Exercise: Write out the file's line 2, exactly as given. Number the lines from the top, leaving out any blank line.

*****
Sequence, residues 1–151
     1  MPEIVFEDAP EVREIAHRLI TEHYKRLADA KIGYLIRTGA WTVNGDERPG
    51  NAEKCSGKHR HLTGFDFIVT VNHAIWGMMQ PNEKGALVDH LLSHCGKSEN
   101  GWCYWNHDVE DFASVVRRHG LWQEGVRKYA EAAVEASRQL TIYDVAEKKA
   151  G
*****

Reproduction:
     1  MPEIVFEDAP EVREIAHRLI TEHYKRLADA KIGYLIRTGA WTVNGDERPG